In addition, film has a unique capacity to reach audiences: we don’t need to depend on television, film can reach its audiences through the internet (YouTube, Vimeo), and can be publicised through new social media (Facebook, Twitter). This is critical if we are to engage with youth – most of whom have no experience of engaging with the other in the protracted conflicts of the Caucasus. The challenge is that youth can engage with information through new social media in ways that can be both vitriolic in their enmity and inspiring in their creativity.
An obvious question, when confronted by the frozen peace process over Nagorny Karabakh and the concerns that there could be a resumption of hostilities, is what is the impact. Tens, if not hundreds of thousands have seen these films on the internet and in facilitated showings, yet obviously these films have not transformed the attitudes and behaviour of the states let alone their populations: but when one places the modest investment in such work alongside the extravagant investment in the quiet arms race of the Caucasus and the periodic speeches of presidents that entrench enmity this is not surprising. Such efforts rarely produce dramatic results but are one component of a slow process that might produce results one day if other opportunities align.
Building confidence in the process
While dialogue across divides is important, single community initiatives are an essential component of preparing for cross conflict reconciliation. This involves individuals and groups preparing themselves and the ground for cross conflict encounters, but more than this it means individuals and societies reflecting on their attitudes and being prepared to confront their own demons and prejudices that stand in the way of reconciliation.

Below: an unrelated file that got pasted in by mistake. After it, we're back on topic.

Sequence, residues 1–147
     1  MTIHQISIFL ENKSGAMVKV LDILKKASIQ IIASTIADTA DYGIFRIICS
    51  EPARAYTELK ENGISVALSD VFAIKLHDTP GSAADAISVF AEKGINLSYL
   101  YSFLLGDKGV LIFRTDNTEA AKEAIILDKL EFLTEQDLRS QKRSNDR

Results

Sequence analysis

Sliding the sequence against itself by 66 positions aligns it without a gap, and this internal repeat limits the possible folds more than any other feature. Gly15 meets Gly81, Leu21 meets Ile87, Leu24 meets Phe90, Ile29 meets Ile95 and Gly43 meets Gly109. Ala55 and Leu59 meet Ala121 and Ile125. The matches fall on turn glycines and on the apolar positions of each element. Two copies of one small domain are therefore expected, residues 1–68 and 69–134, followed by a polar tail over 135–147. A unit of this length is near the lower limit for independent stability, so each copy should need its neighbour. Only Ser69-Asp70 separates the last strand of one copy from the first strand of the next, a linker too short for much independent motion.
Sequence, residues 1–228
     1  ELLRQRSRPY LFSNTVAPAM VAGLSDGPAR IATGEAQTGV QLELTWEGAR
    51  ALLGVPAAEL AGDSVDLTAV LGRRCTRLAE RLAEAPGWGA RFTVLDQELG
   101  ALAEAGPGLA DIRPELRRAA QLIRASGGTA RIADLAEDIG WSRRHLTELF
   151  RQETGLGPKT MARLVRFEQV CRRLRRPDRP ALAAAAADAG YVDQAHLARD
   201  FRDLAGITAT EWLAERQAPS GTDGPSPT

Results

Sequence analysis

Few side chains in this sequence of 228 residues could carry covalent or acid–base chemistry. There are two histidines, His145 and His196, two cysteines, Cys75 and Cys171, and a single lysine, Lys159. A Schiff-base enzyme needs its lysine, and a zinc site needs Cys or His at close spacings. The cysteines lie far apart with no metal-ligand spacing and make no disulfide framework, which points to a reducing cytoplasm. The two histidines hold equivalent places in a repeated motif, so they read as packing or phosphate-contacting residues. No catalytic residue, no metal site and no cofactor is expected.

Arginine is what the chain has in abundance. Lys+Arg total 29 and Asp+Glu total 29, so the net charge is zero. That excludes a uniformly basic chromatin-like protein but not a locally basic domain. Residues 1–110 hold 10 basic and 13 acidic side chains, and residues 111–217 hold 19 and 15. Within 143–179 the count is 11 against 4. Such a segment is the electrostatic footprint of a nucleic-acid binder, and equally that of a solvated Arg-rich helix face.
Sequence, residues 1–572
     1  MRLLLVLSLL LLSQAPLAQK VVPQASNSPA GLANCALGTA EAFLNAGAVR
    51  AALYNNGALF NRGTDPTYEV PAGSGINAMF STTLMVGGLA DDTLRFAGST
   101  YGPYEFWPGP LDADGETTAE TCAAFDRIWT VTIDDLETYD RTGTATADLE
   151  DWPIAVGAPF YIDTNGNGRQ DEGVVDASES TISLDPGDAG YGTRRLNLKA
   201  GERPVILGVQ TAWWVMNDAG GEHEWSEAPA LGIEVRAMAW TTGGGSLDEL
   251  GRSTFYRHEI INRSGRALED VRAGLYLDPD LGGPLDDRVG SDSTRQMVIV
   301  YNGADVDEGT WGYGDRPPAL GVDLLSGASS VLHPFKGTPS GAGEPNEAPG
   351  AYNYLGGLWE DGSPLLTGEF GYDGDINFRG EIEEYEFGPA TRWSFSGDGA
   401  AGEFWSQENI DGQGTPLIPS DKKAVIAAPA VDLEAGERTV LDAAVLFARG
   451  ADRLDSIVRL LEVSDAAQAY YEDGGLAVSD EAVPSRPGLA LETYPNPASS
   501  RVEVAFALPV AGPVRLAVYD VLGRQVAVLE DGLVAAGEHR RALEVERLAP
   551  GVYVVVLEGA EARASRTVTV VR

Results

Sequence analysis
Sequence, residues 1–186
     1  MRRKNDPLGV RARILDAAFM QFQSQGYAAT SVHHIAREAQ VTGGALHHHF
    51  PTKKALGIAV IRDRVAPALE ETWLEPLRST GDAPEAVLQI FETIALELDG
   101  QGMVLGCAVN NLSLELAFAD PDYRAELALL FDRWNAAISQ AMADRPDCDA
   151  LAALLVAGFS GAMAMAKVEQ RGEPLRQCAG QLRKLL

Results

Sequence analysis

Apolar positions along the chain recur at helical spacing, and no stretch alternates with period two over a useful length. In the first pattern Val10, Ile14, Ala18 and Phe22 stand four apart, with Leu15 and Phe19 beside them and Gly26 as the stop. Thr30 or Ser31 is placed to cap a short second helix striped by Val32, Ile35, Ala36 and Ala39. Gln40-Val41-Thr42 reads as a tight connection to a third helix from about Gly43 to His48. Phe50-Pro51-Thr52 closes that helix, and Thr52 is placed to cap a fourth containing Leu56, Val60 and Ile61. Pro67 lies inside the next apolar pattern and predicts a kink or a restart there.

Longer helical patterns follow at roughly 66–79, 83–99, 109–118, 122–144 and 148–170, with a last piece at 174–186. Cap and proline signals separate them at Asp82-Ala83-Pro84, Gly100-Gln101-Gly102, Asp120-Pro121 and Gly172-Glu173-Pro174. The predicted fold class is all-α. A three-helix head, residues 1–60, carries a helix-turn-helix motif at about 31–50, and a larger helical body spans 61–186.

This raises an important question about confidence building, a part of reconciliation, which should not be about making demands of the other but making demands of one’s own community and oneself. If societies cannot reconcile with their own role in conflict, how much harder is it to do so with the other? Understanding your own constraints can also help a process of recognising the constraints another community might face and even engender a more generous approach to working with the other.
I want to mention the work of the Synergy network of organisations for internally displaced people (IDP) in Georgia, which has been evolving over the past decade to give voice to IDPs within their own society. Developing the confidence to talk to their own society and authorities about their needs has also enabled some to talk in a different tone to interlocutors across the divide. One critical thing we did with them was to undertake a survey into the attitudes of IDPs. In doing this they were able to puncture some of the hyperbole about IDPs being aggressive and in fact reveal their much more nuanced attitudes to peace, conflict and justice. Displaced people in fact, more than most, understand the pain of war and while the notion of return is central to them, a return to violence is not. The work of this network highlights how important it is to get beyond stereotypes that allow groups, often marginalised ones, to be used, rather than have their real interests listened to.
Single community work also allows us to recognise the asymmetries involved in reconciliation: you can not assume that both sides will want the same or be prepared to invest in reconciliation in the same way and you can not dictate what the other should want, but you can challenge your own community to come to terms with its past and its role in conflict.